The Postsecular Imagination: Postcolonialism, Religion, and Literature

The Postsecular Imagination: Postcolonialism, Religion, and Literature

by Manav Ratti

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Overview

This book presents a rich, interdisciplinary study of postsecularism as an affirmational political possibility emerging through the potentials and limits of both secular and religious thought. While secularism and religion can foster inspiration and creativity, they also can be linked with violence, civil war, partition, majoritarianism, and communalism, especially within the framework of the nation-state. Through close readings of novels that engage with animism, Buddhism, Christianity, Hinduism, Islam, and Sikhism, Manav Ratti examines how questions of ethics and the need for faith, awe, wonder, and enchantment can find expression and significance in the wake of such crises.

While focusing on Michael Ondaatje and Salman Rushdie, Ratti addresses the work of several other writers as well, including Shauna Singh Baldwin, Mahasweta Devi, Amitav Ghosh, and Allan Sealy. Ratti shows the extent of courage and risk involved in the radical imagination of these postsecular works, examining how writers experiment with and gesture toward the compelling paradoxes of a non-secular secularism and a non-religious religion.

Drawing on South Asian Anglophone literatures and postcolonial theory, and situating itself within the most provocative contemporary debates in secularism and religion, this book will be important for readers interested in the relations among culture, literature, theory, and politics.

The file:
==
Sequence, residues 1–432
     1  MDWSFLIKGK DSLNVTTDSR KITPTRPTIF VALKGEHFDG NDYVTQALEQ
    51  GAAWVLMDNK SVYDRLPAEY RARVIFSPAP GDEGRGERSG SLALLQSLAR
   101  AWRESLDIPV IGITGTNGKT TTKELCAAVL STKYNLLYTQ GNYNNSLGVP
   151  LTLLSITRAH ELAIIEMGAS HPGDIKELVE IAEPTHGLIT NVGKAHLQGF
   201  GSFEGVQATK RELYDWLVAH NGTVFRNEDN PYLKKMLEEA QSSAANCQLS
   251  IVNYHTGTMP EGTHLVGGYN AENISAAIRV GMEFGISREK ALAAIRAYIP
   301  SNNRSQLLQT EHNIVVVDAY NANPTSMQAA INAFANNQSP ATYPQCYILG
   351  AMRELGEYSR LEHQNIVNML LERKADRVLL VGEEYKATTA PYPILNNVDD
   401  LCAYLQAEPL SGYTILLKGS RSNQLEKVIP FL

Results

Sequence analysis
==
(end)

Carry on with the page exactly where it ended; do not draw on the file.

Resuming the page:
Product Details

ISBN-13: 9780415480970
Publisher: Taylor & Francis
Publication date: 12/21/2012
Series: Routledge Research in Postcolonial Literatures Series
Pages: 270
Product dimensions: 6.00(w) x 9.00(h) x 0.78(d)

About the Author

Manav Ratti is Assistant Professor, Department of English and Comparative Literary Studies, Warwick University.

Table of Contents

1. Introduction 2. Post-Secularism and Nationalism: Michael Ondaatje’s The English Patient and Allan Sealy’s The Everest Hotel: A Calendar 3. The Aesthetics Of Violence: Michael Ondaatje’s Anil’s Ghost and Shauna Singh Baldwin’s What The Body Remembers 4. Secular Blasphemy, Post-Secular Faith: Salman Rushdie’s The Satanic Verses 5. After Religion, After Secularism: Amitav Ghosh’s The Shadow Lines and In An Antique Land, Salman Rushdie’s Haroun and the Sea of Stories, and Mahasweta Devi’s "Pterodactyl, Puran Sahay, and Pirtha" Index

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